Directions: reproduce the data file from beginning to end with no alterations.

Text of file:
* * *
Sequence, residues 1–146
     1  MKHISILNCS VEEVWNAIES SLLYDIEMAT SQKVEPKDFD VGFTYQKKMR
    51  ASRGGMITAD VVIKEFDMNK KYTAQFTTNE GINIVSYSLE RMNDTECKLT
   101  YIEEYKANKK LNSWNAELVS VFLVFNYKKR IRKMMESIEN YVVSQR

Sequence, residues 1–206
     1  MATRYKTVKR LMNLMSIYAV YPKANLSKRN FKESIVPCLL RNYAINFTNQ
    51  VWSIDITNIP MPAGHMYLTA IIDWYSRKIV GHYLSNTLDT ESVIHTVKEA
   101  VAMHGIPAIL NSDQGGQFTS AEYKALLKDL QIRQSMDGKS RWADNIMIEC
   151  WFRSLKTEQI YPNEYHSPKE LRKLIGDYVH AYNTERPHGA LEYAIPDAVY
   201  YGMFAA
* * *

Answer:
Sequence, residues 1–146
     1  MKHISILNCS VEEVWNAIES SLLYDIEMAT SQKVEPKDFD VGFTYQKKMR
    51  ASRGGMITAD VVIKEFDMNK KYTAQFTTNE GINIVSYSLE RMNDTECKLT
   101  YIEEYKANKK LNSWNAELVS VFLVFNYKKR IRKMMESIEN YVVSQR

Sequence, residues 1–206
     1  MATRYKTVKR LMNLMSIYAV YPKANLSKRN FKESIVPCLL RNYAINFTNQ
    51  VWSIDITNIP MPAGHMYLTA IIDWYSRKIV GHYLSNTLDT ESVIHTVKEA
   101  VAMHGIPAIL NSDQGGQFTS AEYKALLKDL QIRQSMDGKS RWADNIMIEC
   151  WFRSLKTEQI YPNEYHSPKE LRKLIGDYVH AYNTERPHGA LEYAIPDAVY
   201  YGMFAA